If Y'shua is Mashiyach bin Yosef, how can he have been born of a virgin?
In order to be descended from David through Yosef, Y'shua would have to have been a son of Yosef, not just of Mariam. The two genealogies (in Matthew and in Luke) both trace through Yosef, but do not agree even as to Y'shua's paternal grandfather.
How can Y'shua be a son of David, a descendant of David, if he was not, as Paul says, naturally descended "according to the flesh" from David? (Romans 1:3).
The careful Bible student is likely to conclude that Matthew and Luke present two different genealogies. Following through the genealogies, one will notice that there are some names which are common to both, but also, a great number of differences.
Matthew begins at the patriarch Abraham, and works his way to Yeshua the Messiah. Luke begins at Yeshua, and works his way back to Adam. There are two genealogies, with two distinct purposes. Matthew, it appears reveals the genealogy of Joseph, and Luke, presents the genealogy of Mary.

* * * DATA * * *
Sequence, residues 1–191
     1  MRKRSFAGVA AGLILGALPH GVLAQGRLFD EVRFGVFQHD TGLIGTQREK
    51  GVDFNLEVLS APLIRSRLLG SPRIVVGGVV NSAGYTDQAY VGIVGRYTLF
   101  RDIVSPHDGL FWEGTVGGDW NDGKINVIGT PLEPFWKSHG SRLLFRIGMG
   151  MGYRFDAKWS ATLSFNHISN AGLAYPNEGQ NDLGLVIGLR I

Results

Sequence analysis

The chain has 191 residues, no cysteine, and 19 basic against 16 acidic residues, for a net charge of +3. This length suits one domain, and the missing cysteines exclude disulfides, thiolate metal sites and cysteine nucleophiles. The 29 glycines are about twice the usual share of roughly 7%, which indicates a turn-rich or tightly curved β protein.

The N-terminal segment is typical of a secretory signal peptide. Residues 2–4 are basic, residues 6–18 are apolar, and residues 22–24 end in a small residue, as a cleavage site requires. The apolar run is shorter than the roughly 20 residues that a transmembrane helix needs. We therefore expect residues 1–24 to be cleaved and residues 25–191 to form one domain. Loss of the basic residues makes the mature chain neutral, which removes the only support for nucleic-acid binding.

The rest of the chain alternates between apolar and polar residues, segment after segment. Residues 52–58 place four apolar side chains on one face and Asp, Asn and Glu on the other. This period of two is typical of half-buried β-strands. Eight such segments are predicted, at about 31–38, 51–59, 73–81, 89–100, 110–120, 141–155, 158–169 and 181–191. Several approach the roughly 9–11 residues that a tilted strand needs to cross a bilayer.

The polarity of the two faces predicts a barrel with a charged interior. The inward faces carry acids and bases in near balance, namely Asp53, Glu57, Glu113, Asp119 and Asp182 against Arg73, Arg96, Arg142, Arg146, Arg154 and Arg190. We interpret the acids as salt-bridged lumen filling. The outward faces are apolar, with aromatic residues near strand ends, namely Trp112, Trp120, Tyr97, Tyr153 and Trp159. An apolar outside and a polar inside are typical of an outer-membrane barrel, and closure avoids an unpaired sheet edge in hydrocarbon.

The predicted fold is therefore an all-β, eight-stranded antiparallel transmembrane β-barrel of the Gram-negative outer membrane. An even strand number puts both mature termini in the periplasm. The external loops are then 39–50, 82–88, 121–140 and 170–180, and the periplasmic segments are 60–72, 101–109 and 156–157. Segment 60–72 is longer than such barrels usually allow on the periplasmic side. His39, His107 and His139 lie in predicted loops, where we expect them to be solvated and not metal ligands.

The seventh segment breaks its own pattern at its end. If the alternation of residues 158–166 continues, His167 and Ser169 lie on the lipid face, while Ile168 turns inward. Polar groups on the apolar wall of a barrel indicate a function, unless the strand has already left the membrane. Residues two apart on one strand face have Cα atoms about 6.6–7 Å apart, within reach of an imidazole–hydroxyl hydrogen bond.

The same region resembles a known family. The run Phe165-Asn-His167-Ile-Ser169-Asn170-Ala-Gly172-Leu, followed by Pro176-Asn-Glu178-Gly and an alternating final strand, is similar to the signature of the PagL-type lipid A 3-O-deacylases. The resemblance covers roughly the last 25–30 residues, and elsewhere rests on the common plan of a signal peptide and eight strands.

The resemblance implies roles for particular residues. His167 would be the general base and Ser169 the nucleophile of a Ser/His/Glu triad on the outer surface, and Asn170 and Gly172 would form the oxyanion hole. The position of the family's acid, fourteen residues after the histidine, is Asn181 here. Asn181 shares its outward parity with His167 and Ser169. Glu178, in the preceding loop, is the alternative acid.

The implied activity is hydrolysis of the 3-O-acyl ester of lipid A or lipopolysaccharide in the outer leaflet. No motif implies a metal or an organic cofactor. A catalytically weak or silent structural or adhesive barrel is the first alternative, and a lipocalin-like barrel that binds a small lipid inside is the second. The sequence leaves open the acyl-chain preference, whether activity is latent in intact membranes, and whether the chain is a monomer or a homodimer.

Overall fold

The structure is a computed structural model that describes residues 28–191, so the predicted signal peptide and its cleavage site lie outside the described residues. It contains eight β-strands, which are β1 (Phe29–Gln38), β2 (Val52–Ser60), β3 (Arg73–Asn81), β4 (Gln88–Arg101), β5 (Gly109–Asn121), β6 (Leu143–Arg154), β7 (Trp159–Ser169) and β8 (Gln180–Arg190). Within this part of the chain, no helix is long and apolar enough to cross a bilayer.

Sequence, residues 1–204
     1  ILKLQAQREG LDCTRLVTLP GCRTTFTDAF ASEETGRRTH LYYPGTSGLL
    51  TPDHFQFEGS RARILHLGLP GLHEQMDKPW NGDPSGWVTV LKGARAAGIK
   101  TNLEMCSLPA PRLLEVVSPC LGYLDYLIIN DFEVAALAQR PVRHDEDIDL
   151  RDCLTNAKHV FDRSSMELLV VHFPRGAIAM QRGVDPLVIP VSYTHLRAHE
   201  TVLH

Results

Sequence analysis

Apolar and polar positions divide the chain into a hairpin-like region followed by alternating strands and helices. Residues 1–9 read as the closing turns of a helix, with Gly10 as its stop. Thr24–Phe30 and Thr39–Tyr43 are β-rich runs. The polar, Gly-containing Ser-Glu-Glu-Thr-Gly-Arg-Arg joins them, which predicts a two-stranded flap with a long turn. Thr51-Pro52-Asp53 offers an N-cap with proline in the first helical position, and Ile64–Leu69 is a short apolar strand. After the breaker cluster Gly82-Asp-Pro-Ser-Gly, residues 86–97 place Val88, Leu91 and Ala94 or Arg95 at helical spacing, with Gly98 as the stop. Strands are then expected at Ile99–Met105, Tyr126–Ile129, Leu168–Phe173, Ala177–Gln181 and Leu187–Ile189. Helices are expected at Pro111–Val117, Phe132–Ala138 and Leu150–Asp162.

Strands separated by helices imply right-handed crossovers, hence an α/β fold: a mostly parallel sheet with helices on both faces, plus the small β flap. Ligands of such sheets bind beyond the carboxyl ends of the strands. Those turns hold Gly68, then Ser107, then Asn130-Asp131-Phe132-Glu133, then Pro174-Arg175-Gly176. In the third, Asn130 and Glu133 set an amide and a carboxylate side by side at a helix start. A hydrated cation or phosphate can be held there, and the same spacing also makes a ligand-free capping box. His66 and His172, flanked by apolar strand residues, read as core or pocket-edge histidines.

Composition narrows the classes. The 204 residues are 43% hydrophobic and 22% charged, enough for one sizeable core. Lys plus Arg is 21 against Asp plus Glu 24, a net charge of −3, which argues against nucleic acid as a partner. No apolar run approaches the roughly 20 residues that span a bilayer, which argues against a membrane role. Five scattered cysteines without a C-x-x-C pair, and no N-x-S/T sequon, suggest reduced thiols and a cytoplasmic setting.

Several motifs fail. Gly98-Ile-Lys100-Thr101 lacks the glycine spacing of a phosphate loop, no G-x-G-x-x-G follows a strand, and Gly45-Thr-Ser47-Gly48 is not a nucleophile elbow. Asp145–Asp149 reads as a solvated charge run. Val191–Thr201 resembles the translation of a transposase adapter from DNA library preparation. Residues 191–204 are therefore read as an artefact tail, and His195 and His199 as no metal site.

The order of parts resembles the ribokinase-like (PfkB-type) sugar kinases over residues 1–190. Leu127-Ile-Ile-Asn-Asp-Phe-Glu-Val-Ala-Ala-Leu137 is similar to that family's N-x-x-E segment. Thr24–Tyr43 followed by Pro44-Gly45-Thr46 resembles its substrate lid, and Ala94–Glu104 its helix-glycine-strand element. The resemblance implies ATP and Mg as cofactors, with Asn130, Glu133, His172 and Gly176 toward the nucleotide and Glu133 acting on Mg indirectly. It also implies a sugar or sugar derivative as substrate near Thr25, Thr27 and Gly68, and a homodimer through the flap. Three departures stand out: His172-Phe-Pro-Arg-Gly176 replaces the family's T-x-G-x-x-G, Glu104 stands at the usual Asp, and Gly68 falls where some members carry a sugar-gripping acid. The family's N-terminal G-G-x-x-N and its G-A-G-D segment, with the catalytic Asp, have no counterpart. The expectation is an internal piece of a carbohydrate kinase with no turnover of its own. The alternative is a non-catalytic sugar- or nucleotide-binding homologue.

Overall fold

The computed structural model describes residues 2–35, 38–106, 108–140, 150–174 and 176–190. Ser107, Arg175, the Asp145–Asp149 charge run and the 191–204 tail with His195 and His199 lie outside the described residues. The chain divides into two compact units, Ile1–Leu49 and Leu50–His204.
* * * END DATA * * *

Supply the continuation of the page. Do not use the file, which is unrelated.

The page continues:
Matthew, penning his gospel with the Jews in mind, sets out to establish Yeshua's qualifications to be the Messiah through Joseph's genealogy. Thus, beginning with Abraham, he maps the Lord's genealogy through David, and the kings which followed. He presents Jesus' royal lineage (through the males) through "...Joseph, the husband of Mary, of whom was born Yeshua..."
Luke, writes to the Gentiles with a view toward the humanity of Messiah. The concept of one being both God and man would seem strange and foreign to those accustomed to Greek and Roman gods. Thus, Luke begins at Yeshua, and follows the genealogy of Mary, passing through the patriarchs, ending with the very first man, Adam.
If Luke is tracing the genealogy of Mary, why does he cite Joseph's name? Today, it would be politically incorrect to map a woman's genealogy through her husband, however, in Luke's day, it was proper and correct. Luke follows Mary's genealogy, beginning with the name of Joseph, her husband, Heli's son-in-law (in legal terms, his son by marriage).
How can Yeshua have a genealogy without having a biological father? Very simply, in legal terms, Joseph was Yeshua's father (look at it as a step-son who has all the rights and privileges of an adopted son). Thus, the genealogy of Joseph was legally applied to Yeshua.
See a more indepth response at Yeshua's qualifications.
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